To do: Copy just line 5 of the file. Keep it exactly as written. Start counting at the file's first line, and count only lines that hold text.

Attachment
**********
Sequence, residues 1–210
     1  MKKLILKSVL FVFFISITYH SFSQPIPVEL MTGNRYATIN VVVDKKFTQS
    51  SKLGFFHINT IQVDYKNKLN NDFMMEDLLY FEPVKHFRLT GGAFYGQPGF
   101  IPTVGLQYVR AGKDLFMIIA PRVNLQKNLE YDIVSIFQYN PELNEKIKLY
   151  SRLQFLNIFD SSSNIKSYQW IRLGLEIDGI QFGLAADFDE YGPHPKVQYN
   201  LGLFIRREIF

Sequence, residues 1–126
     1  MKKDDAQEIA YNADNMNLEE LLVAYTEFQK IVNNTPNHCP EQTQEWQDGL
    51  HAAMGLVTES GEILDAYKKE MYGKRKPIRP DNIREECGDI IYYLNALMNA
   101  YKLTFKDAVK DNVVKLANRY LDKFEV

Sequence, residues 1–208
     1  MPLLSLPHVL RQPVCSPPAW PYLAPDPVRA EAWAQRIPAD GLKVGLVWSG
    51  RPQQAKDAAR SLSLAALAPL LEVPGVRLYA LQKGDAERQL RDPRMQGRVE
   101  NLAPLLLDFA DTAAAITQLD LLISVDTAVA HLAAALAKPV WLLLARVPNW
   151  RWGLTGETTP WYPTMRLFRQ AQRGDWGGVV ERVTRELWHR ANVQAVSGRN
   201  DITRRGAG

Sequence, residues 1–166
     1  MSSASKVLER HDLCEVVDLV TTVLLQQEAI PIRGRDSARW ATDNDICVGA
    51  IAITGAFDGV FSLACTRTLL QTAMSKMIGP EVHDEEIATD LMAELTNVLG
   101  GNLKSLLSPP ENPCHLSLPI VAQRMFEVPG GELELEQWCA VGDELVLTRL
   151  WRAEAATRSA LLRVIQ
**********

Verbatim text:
   151  SRLQFLNIFD SSSNIKSYQW IRLGLEIDGI QFGLAADFDE YGPHPKVQYN